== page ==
Suggested response: Since this is a question presented from a client in a pharmacy, a reasonable response could be the information from the Cochrane Review, that although based on very limited evidence, propranolol can be of value and can be tested especially if the patient also suffers from high blood pressure and does not suffer from asthma or other airway diseases. The client should also be informed to discuss this further with their physician.

Case 4

Searching Google for ‘omega 3 and Alzheimer’s Disease’ gave 2. 7 million hits (20 February 2014). Among the first 100 we found no international recommendations and guidelines or clear recommendations from databases and Apps as presented in case 2.

In the Cochrane Database of Systematic Reviews there is a review from 201212 on Omega 3 fatty acid for the prevention of cognitive decline and dementia . The researchers conclude that the longer-term effects of omega-3 fatty acids on cognitive decline and dementia need to be explored further, particularly in people with low dietary intake. In the meantime, they stress other potential health benefits. ‘Fish is an important part of a healthy diet and we would still support the recommendation to eat two portions a week, including one portion of oily fish’.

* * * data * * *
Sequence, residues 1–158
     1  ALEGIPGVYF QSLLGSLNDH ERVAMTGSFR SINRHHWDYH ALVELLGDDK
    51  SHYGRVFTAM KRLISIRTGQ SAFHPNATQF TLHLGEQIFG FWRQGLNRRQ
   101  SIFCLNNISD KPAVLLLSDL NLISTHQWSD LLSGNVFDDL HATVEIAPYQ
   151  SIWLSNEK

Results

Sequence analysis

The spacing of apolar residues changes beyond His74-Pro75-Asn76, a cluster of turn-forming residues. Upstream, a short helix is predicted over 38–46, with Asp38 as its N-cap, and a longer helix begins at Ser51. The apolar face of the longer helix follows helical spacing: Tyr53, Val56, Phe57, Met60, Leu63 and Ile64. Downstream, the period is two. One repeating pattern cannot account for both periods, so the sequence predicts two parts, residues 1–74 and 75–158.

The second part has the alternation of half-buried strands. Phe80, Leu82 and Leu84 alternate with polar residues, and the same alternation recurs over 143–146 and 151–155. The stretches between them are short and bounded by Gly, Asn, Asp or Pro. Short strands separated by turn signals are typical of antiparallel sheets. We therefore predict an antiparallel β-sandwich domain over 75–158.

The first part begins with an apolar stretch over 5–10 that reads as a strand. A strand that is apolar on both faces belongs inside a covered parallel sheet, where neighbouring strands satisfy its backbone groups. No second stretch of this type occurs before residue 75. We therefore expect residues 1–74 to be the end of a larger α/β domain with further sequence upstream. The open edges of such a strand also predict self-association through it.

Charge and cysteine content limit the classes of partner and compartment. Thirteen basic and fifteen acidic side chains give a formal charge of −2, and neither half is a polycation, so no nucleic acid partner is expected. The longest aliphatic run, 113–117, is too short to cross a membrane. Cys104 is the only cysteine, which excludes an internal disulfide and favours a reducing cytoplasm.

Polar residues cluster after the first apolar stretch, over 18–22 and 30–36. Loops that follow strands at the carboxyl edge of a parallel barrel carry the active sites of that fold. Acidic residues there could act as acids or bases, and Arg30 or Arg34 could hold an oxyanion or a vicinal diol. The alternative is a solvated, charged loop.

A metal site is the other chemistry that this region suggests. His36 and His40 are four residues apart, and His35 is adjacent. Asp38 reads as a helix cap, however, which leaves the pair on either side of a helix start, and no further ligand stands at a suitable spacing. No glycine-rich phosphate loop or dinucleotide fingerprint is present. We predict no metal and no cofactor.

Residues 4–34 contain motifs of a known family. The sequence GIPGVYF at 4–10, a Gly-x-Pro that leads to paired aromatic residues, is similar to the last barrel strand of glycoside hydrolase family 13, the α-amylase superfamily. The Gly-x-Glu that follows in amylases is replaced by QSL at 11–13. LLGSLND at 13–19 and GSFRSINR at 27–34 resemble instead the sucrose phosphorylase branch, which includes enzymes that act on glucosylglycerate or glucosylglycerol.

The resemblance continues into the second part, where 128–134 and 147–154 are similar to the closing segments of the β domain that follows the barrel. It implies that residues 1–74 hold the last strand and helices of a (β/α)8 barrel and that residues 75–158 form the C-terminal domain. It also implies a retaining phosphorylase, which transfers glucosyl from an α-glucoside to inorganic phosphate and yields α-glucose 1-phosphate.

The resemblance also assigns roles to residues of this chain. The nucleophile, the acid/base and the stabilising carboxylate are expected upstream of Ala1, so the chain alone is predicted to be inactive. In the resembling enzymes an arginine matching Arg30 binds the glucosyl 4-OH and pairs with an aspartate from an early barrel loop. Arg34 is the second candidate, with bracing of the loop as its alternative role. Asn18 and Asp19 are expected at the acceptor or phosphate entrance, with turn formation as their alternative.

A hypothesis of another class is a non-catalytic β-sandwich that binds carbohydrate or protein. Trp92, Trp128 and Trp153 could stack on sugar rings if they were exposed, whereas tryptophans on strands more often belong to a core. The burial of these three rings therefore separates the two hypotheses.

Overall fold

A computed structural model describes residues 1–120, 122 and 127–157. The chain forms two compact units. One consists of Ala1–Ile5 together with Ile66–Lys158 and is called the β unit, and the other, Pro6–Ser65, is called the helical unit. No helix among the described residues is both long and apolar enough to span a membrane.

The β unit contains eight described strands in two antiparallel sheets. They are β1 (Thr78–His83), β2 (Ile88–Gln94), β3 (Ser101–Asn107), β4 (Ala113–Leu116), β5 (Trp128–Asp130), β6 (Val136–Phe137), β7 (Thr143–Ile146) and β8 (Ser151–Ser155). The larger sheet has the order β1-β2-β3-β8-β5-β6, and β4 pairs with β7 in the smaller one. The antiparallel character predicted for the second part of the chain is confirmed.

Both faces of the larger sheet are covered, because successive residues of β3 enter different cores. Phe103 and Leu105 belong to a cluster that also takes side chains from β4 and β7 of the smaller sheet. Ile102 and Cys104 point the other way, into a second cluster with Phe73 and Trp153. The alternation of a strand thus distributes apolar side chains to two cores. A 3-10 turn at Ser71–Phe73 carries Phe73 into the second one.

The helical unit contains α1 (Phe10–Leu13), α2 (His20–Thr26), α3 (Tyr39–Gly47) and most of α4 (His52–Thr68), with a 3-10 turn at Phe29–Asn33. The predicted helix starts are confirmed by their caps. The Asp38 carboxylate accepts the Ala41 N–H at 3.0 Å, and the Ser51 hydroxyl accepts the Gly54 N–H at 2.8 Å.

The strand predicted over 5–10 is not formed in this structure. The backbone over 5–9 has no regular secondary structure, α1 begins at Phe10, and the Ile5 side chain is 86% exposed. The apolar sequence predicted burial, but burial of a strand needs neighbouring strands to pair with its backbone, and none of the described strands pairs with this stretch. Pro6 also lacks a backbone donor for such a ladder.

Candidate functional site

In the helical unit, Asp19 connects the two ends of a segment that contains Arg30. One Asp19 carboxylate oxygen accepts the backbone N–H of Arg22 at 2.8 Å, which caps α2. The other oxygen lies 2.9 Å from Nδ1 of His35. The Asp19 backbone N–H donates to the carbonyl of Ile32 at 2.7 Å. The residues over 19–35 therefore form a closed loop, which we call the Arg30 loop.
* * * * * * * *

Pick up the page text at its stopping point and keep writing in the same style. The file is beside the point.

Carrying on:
Suggested response: This is a question from a middle aged lady presented at a pharmacy, and a reasonable response could be that there is limited evidence on the benefit and that a normal healthy diet, including fish and also oily fish, is probably a better choice.

Case 5